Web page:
Reverse Lunge

An anatomical drawing highlighting the muscles worked during a Reverse Lunge exercise.

The Reverse Lunge is my favorite lunge variation for developing lower body strength in wrestlers.

While I think lunges and other single leg exercises are great supplemental exercises, I feel that the Reverse Lunge does the best job of mimicking the lower body mechanics used when stepping up to finish a leg attack or high dive.

I will be honest though- now that I have the guys I work with pushing and dragging the prowler more, I’m finding that I’m using lunge variations in their programs less often.


Because the pushing the prowler builds single leg strength, too (you push off of one leg at a time). Additionally, the prowler is more specific because you’re driving the weight in a horizontal direction.

As such, I typically tend to favor prowler pushes.

However, if you don’t have access to a prowler, Reverse Lunges are my go to exercise for single leg strength development.

Here’s a quick video of me performing a standard Reverse Lunge.

One of the biggest breakdowns in technique that I see with the Reverse Lunge, or any lunge for that matter, is a loss of stability through the core. Here are 2 quick videos to show you what I mean:

I see the technique breakdown in the first video more. My wife sees the issue in the 2nd video more, and since she was filming, she told me to film that too!

Most often, these technical breakdowns will occur as you move up in weight. It’s a good indication that you’re using too much weight.

So, you have 2 options. First, if you have good body awareness and experience with performing lunges, simply make an adjustment to the weight (lowering it) if you notice your form breaking down.

Or, you can hold dumbbells (or Kettlebells, which I prefer) in the rack position. Here’s what I mean:

By holding the weight up on your shoulders like this, it prevents you from losing core stability and breaking at the hips.

Additionally, I feel this way better simulates how you will be carrying your opponent when you look to step up to finish a shot. So, not only will holding the weight in the rack position auto-correct any form breakdowns at the core, it will also have a better carryover to the mat.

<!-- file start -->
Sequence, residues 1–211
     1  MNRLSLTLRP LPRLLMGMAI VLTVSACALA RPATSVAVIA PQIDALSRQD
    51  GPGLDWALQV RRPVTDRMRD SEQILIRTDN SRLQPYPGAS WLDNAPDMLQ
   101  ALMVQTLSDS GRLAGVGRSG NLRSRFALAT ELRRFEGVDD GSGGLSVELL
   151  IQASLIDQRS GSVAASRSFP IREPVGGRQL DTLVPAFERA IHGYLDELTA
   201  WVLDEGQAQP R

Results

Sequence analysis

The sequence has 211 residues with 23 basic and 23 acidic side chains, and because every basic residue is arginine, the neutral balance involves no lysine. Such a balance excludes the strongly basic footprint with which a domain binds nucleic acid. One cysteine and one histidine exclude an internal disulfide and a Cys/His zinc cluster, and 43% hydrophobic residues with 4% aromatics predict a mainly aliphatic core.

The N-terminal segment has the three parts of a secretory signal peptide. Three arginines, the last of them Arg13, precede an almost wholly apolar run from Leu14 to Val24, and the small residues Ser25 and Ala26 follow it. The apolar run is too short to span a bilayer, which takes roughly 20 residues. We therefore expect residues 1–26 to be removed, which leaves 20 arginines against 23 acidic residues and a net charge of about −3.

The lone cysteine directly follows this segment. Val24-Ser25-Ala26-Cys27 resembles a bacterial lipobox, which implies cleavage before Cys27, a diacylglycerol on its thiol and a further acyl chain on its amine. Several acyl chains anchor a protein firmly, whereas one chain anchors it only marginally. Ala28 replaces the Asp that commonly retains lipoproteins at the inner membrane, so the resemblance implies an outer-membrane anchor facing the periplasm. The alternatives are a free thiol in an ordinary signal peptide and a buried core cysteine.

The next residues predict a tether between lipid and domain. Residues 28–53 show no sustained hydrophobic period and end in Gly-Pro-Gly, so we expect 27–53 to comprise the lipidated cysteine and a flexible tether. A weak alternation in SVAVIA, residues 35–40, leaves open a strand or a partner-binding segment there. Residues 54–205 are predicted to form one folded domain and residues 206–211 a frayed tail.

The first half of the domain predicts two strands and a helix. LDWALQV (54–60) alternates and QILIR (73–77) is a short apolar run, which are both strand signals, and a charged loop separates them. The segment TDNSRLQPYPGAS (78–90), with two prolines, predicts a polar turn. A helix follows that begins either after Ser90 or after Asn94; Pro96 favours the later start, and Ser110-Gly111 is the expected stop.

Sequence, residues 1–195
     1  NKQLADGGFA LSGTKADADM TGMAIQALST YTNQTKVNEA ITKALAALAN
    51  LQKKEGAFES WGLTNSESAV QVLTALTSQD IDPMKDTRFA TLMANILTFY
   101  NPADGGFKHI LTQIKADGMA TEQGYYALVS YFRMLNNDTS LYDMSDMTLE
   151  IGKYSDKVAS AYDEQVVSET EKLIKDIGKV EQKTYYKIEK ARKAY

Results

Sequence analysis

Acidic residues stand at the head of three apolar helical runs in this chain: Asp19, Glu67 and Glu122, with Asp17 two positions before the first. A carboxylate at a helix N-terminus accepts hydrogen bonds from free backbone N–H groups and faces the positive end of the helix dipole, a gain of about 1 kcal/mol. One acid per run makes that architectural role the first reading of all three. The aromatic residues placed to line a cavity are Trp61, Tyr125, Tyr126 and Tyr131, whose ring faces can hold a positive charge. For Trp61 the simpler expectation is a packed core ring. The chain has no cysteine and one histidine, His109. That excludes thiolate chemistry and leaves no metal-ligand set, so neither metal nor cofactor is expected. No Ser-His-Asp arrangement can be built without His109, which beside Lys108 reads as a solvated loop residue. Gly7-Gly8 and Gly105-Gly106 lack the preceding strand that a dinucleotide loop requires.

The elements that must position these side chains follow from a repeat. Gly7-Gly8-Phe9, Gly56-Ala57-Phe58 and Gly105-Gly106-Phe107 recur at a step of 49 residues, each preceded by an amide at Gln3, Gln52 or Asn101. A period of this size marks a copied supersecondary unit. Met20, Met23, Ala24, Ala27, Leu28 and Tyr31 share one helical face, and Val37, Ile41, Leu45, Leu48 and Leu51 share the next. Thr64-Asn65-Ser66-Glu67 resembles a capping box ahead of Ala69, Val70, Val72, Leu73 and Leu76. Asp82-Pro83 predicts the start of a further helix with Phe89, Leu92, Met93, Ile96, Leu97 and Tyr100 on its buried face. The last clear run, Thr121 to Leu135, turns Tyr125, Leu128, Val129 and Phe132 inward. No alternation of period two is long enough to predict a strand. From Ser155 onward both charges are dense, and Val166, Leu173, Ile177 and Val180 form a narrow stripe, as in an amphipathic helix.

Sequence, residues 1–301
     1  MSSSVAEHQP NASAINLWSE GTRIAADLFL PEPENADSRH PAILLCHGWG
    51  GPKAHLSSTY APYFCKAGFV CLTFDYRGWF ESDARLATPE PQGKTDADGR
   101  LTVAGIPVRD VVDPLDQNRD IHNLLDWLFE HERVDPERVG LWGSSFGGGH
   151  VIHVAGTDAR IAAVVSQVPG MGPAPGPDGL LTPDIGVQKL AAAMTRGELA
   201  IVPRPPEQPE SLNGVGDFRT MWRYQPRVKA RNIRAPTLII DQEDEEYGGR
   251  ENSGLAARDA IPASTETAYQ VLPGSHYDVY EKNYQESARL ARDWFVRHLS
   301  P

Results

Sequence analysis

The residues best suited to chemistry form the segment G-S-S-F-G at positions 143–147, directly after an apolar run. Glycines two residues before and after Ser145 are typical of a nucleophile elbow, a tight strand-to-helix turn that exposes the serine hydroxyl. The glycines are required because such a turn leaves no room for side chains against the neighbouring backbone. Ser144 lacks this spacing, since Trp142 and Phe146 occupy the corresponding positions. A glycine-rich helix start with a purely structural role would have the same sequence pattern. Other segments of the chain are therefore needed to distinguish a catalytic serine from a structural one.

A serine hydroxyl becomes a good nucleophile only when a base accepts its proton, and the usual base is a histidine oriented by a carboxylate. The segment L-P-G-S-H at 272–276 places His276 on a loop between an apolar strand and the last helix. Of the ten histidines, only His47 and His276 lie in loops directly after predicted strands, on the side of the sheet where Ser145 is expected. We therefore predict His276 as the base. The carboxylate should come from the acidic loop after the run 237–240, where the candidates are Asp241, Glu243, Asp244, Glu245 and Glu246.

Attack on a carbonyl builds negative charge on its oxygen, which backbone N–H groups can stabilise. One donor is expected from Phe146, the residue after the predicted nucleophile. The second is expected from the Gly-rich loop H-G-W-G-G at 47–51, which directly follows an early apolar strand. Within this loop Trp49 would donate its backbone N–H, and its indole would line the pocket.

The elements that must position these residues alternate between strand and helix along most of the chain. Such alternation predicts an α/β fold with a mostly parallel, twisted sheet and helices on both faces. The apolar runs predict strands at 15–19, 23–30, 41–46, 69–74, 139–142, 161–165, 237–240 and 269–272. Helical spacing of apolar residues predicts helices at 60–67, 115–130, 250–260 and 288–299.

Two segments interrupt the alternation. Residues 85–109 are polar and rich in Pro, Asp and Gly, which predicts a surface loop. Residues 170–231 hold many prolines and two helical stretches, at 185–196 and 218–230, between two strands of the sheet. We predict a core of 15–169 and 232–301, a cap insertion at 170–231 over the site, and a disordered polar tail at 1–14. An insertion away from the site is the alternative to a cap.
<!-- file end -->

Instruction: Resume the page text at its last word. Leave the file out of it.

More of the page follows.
If you don’t like holding dumbbells or Kettlebells in the rack position, you can hold a barbell like you would a Front Squat:

An image of Dickie White holding a bar across his shoulders for a Front Squat.

Or Zercher Squat:

An image of Dickie White holding a bar in his elbows to perform a Zercher Squat.

A picture of Kyle Dake and Dickie White.
Hi, I’m Dickie (the author of this blog). Here I am with my good buddy, Kyle Dake. While he doesn't have a nice coat like me, he is pretty good at wrestling. Here's what he said about my training system:

Before I began lifting using Dickie's system my wrestling skills were getting slightly better. I've now been lifting under his guidance for more than 5 months and I have begun to dominating ALL of my competition. At first I had little faith in Dickie and his program, but now I would run into a wall if he told me I would get stronger! I know it sounds insane, but I would. The bottom line is Dickie is an expert and knows what he is talking about. If you want to defeat those kids whom you've always lost to and reach a level you never thought possible, I suggest you start lifting using Dickie's system immediately.

-Kyle Dake, 4X NCAA Division 1 National Champion

Want to see what other wrestlers are saying about my training system? Check out my Success Stories page.


Want to learn more about Dickie? Check out my About page.


Want to get started on a program today? Read this post and download your free program- 12 Week Training Program For Wrestlers.


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